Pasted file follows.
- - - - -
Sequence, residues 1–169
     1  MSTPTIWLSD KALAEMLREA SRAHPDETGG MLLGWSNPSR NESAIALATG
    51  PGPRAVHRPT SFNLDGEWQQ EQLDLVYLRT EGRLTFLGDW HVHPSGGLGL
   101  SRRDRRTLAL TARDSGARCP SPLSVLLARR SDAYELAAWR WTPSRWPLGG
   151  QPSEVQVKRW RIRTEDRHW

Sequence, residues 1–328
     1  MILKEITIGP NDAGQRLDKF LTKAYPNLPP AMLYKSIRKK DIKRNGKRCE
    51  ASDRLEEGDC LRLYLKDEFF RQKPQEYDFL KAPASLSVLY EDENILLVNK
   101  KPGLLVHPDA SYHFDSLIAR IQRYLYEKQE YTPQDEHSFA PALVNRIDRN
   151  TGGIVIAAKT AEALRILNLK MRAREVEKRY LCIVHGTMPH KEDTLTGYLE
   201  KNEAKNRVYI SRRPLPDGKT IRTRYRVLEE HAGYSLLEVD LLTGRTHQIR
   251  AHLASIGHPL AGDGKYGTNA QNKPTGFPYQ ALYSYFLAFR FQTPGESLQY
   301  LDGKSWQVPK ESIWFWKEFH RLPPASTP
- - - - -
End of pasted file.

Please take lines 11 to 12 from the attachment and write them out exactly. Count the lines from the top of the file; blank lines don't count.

   201  KNEAKNRVYI SRRPLPDGKT IRTRYRVLEE HAGYSLLEVD LLTGRTHQIR
   251  AHLASIGHPL AGDGKYGTNA QNKPTGFPYQ ALYSYFLAFR FQTPGESLQY